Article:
Prefabricated Homes: Challenges and Benefits

NickAzerNickAzer Portland, OR, USAPosts: 197 admin
edited March 17 in Key Issues
Are there any obstacles you see that limit people from being interested in pre-fabricated homes? What limits, or stigmatizations, are you aware of (or are common in the field) around the adoption of prefab homes?

Also, what are some of the benefits that you see?

Please share any links, thoughts, examples, or ideas you have in the comments below!

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Comments

  • NickAzerNickAzer Portland, OR, USAPosts: 197 admin
    @FanyuLin @RachitaMisra @Greenduck @SRashkin @Cambias @bngejane @Jefferson @csmith102462 @ashokjain @Nirmita - with your specializations in building and technology, it would be great to see any input you might have!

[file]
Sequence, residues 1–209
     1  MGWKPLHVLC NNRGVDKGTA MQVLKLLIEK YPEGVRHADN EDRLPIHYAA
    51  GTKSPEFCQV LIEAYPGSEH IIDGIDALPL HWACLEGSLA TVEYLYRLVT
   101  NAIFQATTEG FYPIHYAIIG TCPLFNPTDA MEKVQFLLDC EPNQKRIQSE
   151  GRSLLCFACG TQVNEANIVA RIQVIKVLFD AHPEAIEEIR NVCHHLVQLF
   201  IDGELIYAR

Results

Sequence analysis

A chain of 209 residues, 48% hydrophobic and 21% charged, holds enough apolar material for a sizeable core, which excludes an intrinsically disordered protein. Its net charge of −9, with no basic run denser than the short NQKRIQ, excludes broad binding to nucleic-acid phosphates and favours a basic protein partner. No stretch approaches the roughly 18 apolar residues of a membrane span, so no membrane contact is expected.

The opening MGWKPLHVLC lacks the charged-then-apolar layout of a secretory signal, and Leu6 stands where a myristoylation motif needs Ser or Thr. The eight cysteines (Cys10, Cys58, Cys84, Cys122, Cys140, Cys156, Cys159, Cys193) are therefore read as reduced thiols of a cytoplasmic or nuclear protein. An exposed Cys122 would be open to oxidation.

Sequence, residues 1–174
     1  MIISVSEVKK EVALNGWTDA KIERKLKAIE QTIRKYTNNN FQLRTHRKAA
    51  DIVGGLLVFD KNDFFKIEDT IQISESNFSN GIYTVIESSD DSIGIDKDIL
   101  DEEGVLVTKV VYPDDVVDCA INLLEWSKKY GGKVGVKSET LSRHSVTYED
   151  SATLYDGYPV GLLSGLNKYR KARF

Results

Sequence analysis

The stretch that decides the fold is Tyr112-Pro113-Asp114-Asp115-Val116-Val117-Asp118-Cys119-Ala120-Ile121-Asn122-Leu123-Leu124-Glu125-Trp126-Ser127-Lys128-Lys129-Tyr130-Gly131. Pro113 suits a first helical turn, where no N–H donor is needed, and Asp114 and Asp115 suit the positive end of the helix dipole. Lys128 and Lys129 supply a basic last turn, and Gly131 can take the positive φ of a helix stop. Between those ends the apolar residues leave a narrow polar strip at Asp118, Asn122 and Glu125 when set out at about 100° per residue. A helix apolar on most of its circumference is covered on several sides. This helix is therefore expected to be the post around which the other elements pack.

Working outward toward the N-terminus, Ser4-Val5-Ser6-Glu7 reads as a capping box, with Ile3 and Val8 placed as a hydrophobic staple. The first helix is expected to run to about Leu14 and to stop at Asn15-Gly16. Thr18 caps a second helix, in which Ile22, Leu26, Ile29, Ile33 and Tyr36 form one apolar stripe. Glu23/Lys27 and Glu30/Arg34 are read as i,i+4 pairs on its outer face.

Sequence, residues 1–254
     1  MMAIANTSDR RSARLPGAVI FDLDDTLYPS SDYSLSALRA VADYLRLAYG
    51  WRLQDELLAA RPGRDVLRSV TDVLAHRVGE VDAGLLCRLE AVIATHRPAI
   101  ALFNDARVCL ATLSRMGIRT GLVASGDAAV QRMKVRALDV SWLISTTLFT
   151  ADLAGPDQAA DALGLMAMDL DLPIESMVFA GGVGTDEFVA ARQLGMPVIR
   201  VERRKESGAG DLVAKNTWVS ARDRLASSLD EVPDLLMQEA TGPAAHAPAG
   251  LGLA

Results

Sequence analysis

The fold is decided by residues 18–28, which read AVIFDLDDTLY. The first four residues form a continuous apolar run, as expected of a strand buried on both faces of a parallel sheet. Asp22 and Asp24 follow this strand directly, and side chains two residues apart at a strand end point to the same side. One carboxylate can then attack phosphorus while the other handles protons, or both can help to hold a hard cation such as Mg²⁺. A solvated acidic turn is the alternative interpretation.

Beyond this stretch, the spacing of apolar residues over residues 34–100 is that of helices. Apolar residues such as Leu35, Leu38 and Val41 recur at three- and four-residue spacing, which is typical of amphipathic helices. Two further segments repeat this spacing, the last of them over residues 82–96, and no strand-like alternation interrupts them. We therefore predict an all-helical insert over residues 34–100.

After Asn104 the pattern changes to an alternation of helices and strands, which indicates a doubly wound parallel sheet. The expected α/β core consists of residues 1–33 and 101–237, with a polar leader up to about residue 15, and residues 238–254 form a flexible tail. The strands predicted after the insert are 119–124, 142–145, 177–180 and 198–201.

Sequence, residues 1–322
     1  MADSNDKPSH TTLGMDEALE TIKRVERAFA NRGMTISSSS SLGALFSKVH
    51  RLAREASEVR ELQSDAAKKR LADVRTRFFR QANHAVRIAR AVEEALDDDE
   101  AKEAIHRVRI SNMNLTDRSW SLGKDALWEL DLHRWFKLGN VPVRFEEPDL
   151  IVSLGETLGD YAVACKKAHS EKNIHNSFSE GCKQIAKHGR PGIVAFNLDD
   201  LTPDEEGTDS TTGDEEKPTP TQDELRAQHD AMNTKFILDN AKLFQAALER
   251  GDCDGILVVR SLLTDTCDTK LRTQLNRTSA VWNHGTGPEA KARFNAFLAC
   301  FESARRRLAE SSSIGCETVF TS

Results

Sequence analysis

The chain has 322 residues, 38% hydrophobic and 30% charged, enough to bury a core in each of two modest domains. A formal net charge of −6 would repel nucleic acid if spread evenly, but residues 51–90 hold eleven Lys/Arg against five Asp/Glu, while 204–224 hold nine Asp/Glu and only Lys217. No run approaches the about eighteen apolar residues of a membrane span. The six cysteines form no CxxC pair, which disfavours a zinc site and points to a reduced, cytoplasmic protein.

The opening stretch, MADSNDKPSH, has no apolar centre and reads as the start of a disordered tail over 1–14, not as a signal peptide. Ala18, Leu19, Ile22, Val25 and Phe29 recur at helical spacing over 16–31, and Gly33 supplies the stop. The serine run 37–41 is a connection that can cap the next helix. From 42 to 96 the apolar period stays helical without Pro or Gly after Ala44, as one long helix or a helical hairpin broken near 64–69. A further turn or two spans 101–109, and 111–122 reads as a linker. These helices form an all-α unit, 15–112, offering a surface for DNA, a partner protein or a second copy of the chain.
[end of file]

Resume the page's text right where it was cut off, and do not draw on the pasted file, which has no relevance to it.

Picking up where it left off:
• FanyuLinFanyuLin CEO Posts: 3
    Hi Nick, here are a few slides (4,5,11) in this link explained obstacles and high level benefits of adopting prefab for mass housing, and what we as an industry need to come together to achieve the next step towards solving the housing crisis.
    https://fluxus-prefab.com/harnessing-prefabrication-to-tackle-the-affordable-housing-challenge-a-global-partnership-approach
  • JeffersonJefferson CEO Posts: 4
    Yes, definitely. The first an foremost obstacle for prefab style homes is the funding from the banks is extremely dislocated in thus area. Especially if that home is going to be placed on land that is not owned by the owner of the home. We need a real funding revolution in this area as well. When people have to look at personal loans etc in order to by prefab, then the rates are very expensive.